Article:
Hi Walter,I’m not following your last posted thread on Phil’s forum page.”They assume there is no god…”WALTER: “that’s just not true! tell that to ken miller and francis collins.”We are talking generalization, since the majority of scientists today I believe are philosophical naturalists, as appears to be Miller too, except for the fact that it also appears he believes that God wound up the world and left it to its own devices. What he does is compromises the God he believes in.As Phil Johnston said about Miller in ‘The Wedge of Truth’ p. 91, about Miller’s statement on the Virgin Birth as to making no sense scientifically,”I suspect that most of Miller’s materialist colleagues will wonder how serious he can be in claiming to believe in an event while saying that it makes no scientific sense, especially since he is vigorous in judging all other claims of supernatural influence on the natural world by the standards of science. If he makes this one exception then why not others, and how does he decide where to draw the line? They may also wonder what Miller could possibly mean by his quest to “find Darwin’s God,” when it is so widely known in the scholarly world (and even to Miller himself) that Darwin in his later years was an agnostic.” The point is that the if you took a consensus I’m sure you would find the overwhelming majority of scientists are evolutionists, and most of those are philosophical naturalistic evolutionists. That is, they believe the universe came into being without the aid of a supernatural Being. They take that belief by faith.The ironic thing is that these naturalistic philosophers who want to test everything that they believe in by empirical standards of empirical evidence cannot do so on the very thing they rely upon most – logic or reason. In a materialistic world show me the immaterial, abstract, intangible we call reason.As for Pam’s ridiculous statements that science does not require faith or that science did not start from a philosophical bent, at the end of everything we know is faith. Depending on what you know will depend on where faith begins, for beyond what you know so often is where faith lies. I can’t wrap my head around infinity being a finite being. God is infinite. I believe that by faith since I can’t comprehend it. How can I grasp infinite with a finite mind? How do I grasp infinite love? I can only grasp as much as I know of love.Ron Nash said that if you took all the even infinite numbers and subtracted them from all the odd infinite numbers you would still have an infinity of numbers. I can’t make sense of that statement. I find it illogical. The only way I can comprehend is to think that because the infinite goes on and on, the minute you subtract the one from the other there is already an infinity more.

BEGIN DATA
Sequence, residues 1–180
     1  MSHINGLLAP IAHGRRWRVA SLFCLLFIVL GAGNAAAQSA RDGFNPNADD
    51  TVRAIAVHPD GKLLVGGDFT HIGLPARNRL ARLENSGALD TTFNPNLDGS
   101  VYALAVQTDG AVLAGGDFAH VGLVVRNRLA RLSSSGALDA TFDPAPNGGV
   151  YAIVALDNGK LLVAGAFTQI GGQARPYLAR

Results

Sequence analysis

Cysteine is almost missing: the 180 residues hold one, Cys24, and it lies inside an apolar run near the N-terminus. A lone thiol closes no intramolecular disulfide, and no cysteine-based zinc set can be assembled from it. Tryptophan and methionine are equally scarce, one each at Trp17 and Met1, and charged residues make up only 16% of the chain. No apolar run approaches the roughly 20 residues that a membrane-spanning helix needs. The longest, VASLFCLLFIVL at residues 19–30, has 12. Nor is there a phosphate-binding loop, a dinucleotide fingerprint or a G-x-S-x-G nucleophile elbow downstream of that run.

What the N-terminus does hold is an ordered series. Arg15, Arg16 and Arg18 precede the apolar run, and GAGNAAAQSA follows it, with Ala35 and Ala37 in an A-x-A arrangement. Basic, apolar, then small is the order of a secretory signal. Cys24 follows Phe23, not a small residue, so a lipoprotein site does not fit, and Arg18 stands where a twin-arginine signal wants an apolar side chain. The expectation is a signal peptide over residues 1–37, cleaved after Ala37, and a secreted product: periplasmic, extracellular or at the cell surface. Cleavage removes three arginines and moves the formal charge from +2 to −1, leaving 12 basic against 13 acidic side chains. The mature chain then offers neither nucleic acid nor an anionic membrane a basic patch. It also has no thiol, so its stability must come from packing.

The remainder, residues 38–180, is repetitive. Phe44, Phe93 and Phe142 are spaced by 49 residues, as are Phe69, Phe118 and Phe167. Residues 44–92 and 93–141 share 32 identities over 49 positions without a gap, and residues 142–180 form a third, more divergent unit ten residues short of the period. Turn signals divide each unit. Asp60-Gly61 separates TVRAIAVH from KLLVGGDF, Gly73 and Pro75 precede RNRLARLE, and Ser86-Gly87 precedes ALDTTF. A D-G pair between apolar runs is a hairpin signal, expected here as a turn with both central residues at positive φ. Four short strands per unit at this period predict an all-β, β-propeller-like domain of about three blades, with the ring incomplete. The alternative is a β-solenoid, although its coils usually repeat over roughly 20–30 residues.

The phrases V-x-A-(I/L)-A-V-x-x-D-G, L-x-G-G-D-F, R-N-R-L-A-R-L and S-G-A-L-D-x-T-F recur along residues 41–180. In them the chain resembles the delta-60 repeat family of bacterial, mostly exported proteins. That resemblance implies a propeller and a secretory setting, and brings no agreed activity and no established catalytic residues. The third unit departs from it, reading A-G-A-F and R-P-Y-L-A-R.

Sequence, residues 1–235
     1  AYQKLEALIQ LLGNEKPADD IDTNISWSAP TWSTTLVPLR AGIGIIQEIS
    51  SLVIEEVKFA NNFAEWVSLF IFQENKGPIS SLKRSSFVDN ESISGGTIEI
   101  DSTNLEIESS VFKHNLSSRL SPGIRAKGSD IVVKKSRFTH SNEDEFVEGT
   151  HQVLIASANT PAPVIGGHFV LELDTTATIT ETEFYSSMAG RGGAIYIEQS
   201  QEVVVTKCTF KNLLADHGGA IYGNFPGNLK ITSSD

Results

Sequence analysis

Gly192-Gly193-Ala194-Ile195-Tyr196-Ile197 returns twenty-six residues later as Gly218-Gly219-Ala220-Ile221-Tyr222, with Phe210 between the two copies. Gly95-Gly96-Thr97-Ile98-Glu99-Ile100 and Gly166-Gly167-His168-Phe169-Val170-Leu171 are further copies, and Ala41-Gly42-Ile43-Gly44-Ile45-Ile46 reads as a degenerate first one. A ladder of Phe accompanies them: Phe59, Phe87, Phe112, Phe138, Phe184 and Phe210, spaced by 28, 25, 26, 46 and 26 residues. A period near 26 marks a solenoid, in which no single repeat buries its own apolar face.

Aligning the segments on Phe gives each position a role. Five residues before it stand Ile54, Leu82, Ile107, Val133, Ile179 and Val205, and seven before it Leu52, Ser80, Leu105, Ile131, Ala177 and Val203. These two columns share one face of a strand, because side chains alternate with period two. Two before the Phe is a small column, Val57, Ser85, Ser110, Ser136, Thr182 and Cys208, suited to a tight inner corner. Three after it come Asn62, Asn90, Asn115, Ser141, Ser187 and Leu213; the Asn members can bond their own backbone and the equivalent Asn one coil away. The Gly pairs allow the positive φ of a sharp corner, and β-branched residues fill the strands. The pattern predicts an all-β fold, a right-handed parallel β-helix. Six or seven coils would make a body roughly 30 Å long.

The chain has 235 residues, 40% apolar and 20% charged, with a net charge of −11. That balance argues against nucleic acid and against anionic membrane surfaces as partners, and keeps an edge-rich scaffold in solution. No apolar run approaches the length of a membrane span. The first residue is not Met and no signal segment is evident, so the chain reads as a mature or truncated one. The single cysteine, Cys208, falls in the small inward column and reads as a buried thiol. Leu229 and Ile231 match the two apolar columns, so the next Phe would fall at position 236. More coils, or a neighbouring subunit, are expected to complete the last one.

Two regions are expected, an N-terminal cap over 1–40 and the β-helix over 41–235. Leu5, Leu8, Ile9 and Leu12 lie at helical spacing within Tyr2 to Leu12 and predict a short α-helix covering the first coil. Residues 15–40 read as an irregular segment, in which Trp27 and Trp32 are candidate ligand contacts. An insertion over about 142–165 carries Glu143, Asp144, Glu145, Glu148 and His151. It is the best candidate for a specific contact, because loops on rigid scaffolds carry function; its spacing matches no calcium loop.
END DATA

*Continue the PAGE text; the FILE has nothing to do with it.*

• walter-in-fallschurch

    hi peter,

  • peterhuff